# ShinyImage

Imaging package, with an emphasis on journaling, i.e. recording history of changes. Undo/redo operations, ability to display multiple versions (currently under construction), etc. The history is persistent, i.e. across sessions. Can be run from the R command line, or from a Shiny-based GUI.

## Installation

You will need the following packages for the command-line interface to the package:

• fftwtools: Install from CRAN, except for Linux; for the latter, sse these special instructions.
• EBImage: Run these commands from within R:

source("http://bioconductor.org/biocLite.R", verbose = FALSE) #Install package
• GUI Installation: Install from CRAN.

install.packages(c('shiny','shinyjs'))

Having done this, you can install ShinyImage. For instance, download the .zip package available here and unpack it, creating a directory/folder ShinyImage-master. Then from a terminal window, run

R CMD build ShinyImage-master
R CMD INSTALL -l z ShinyImage_0.1.0.tar.gz

with z being the location you wish to install ShinyImg to (changing the version number as necessary).

Alternatively, ShinyImage can be installed using devtools. User’s working directory must be set to ShinyImage-master. From R,

> install.packages(c('devtools', 'roxygen2'))
> devtools::install()

## Example Usage

Here we will perform several actions, both to illustrate some ShinyImage operations and also to show the journaling. All operations will use the R command line; examples of the GUI are given later in this document.

# load image, whether local file or from the Web
> tiger <-
shinyimg$new("https://upload.wikimedia.org/wikipedia/commons/1/1c/Tigerwater_edit2.jpg") # 'tiger' is an object of class 'shinyimg', which in turn is a subclass # of 'R6' # set autodisplay on # after first image modification, # image will render and pop up in a new window # or user can manually render image > tiger$set_autodisplay()
# manually rendering image
> tiger$render() # crop the image > tiger$crop()
[1] "Select the two opposite corners of a rectangle on the plot."
> tiger$add_brightness() # add contrast > tiger$add_contrast()
> tiger$add_gamma() # add blur > tiger$add_blur()

# remove brightness
> tiger$remove_brightness() # remove contrast > tiger$remove_contrast()
# remove gamma
> tiger$remove_gamma() # remove blur > tiger$remove_blur()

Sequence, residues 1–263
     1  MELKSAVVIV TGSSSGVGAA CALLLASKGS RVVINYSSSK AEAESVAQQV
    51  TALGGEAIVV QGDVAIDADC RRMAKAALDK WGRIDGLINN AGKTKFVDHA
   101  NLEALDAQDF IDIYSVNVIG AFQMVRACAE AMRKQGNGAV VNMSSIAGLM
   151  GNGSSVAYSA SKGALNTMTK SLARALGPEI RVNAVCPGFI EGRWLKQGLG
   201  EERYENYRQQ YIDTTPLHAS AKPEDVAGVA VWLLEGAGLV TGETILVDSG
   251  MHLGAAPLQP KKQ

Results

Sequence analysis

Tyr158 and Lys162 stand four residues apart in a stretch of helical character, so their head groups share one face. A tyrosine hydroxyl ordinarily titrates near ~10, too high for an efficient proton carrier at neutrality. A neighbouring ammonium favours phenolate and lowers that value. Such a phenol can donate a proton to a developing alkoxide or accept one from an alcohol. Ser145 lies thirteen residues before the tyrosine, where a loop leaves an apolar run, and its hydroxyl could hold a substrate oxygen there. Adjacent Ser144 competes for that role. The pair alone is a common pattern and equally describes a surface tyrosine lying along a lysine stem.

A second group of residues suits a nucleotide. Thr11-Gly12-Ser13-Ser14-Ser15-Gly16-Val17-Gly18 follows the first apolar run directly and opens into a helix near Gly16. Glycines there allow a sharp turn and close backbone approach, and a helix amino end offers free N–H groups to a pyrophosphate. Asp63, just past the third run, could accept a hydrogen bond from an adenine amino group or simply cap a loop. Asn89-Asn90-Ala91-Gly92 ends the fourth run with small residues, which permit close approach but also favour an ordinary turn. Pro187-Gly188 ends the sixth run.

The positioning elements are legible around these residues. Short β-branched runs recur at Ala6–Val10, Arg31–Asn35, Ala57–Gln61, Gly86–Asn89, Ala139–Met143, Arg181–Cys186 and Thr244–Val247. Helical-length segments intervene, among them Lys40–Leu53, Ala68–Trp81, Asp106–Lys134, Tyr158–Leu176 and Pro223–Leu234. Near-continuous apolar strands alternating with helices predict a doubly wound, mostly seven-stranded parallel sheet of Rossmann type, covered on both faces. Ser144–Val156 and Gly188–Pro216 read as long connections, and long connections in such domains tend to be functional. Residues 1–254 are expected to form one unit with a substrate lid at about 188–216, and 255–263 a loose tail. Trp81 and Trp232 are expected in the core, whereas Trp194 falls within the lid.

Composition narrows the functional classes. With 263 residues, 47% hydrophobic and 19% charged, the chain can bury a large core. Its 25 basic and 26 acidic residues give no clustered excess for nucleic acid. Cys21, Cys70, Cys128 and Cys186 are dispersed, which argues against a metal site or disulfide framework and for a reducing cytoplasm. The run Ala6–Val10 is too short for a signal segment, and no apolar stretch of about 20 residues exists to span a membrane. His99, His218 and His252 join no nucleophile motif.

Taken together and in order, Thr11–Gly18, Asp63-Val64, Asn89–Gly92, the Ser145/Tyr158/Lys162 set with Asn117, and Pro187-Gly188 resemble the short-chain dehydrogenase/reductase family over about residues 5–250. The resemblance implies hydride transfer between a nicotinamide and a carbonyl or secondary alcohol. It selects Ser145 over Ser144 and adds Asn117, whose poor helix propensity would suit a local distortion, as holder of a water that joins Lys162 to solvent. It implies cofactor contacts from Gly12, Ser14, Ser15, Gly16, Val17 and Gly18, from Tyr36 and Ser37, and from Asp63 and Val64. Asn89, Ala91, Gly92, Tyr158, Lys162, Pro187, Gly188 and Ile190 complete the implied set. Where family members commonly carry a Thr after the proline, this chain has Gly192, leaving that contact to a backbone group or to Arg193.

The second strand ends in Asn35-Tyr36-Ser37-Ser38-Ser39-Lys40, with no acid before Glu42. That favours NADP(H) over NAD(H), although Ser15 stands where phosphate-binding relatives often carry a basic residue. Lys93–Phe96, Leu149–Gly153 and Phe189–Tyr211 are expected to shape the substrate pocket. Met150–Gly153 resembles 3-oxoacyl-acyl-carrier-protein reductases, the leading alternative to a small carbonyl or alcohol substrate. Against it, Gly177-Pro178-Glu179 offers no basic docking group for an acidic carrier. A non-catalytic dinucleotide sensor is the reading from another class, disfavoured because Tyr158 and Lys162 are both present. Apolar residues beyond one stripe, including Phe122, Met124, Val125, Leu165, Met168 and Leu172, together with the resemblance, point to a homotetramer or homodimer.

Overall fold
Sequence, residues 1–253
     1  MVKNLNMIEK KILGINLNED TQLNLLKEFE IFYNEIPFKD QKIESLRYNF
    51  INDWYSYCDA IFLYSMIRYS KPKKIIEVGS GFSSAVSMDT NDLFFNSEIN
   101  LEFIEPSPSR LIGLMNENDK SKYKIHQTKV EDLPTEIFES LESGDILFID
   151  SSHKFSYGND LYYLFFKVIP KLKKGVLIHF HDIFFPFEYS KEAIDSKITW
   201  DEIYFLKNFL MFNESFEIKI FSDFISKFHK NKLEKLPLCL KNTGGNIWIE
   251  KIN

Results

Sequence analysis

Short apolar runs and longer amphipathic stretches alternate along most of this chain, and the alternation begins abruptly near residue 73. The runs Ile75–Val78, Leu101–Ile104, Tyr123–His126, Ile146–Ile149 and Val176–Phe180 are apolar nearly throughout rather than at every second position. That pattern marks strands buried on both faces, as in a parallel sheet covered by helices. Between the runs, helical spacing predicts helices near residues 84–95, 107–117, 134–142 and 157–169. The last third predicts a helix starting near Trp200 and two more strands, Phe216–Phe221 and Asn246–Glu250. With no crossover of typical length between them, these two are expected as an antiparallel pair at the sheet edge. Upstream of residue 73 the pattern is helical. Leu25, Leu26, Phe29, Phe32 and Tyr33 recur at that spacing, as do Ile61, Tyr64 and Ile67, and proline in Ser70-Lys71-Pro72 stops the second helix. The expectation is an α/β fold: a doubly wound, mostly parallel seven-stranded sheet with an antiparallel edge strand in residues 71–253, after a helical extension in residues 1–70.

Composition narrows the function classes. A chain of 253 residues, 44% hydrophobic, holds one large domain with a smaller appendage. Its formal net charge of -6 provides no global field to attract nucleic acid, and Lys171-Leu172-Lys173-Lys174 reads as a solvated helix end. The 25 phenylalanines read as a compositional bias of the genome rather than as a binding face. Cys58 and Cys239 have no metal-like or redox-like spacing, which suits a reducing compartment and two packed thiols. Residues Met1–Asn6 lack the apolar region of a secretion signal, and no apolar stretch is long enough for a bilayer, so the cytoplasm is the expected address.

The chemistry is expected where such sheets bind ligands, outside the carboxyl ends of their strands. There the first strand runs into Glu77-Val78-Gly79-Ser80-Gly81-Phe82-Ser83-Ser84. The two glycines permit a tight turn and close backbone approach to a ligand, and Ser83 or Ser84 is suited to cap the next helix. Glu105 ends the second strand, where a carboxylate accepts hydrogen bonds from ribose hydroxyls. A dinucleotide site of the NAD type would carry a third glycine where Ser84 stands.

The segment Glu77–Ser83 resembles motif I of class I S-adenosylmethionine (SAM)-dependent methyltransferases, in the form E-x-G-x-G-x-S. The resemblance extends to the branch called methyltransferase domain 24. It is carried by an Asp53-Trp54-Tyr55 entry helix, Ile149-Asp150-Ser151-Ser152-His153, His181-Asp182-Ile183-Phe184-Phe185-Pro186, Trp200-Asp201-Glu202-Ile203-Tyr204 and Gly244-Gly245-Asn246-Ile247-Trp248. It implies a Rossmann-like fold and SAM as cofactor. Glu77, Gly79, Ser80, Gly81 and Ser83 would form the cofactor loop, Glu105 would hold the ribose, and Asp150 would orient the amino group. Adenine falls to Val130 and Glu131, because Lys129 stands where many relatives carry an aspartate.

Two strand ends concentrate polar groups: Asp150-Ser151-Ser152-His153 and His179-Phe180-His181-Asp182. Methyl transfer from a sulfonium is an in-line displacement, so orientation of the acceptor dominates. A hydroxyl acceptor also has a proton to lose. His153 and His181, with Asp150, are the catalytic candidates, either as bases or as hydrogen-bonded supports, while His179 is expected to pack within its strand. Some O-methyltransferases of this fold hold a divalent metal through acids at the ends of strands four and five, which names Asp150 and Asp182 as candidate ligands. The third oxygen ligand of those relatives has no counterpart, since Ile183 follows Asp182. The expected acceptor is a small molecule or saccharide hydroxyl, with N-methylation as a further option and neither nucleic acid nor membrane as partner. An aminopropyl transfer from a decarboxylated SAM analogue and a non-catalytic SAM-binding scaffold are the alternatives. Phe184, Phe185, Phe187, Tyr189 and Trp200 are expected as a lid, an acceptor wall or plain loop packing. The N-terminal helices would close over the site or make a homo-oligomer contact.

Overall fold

# we have had nine actions, and can undo the last 8 of them
# we will undo the last five actions (remove blur and remove gamma)
# by calling undo five times
# undoes the removal of the blur
> tiger$undo() # undoes the removal of gamma > tiger$undo()
# undoes the removal of contrast
> tiger$undo() #undoes the removal of brightness > tiger$undo()
# undoes the adding of the blur
> tiger$undo() # we can also redo the adding of the blur > tiger$redo()

# we can also save the image to edit later on
> tiger$save("tiger-water.si") # and later we can come back after a cold boot to do: > tiger <- shinyload("tiger-water.si") # if you want to revert to a previous saved state, you can also do: > tiger$load("tiger-water.si")
# this will load the image back to the state it was in when you saved the image.
> tiger\$undo()  # not too late to undo changes made before the save!

## GUI Installation and Usage

### Installation

install.packages(c('shiny','shinyjs'))

### Usage

• A gui can also be spawned to edit images using the sample provided or a user can upload an image, link, or an image log of a .si object created through shinyimg

• A user can edit brightness, contrast, and gamma correction. The user can also rotate, blur, and crop an image. These changes can be made to the image using the sliders. In order to crop a photo, the user has to highlight a box over the original plot. A preview of the cropped image with pop up below the original image. To keep the cropped image, click the keep button which will pop up below the preview image.

• While editing an image, a user can undo, redo, or reset the image. These actions are executed through buttons at the bottom of the sidebar.

• After editing an image, a user can download the image and the image log. These actions are below the main plot.

• The user can also view the image log to see which actions were recorded.

Run these commands from within R.

> runShiny()

### Installing fftwtools on Linux

• Unpack, say to x/fftw-3.3.6-pl1 and from that directory run

./configure --prefix=y --enable-shared=yes

where y is your desired installation directory for fftwtools, say /usr/local.

• Run the usual make; make install sequence.
• Set environment variables (no spaces around the = sign!):

export C_INCLUDE_PATH=x/fftw-3.3.6-pl1/api
export LD_RUN_PATH=y/lib
export LIBRARY_PATH=y/lib

• You may need to install libtiff-dev, say by

sudo apt-get install libtiff-dev

• You may also need to install fftw-dev, by

sudo apt-get install fftw-dev

• If fftw library does not get properly installed, try

sudo apt-get install fftw3 fftw3-dev pkg-config

• Then run the R steps as above.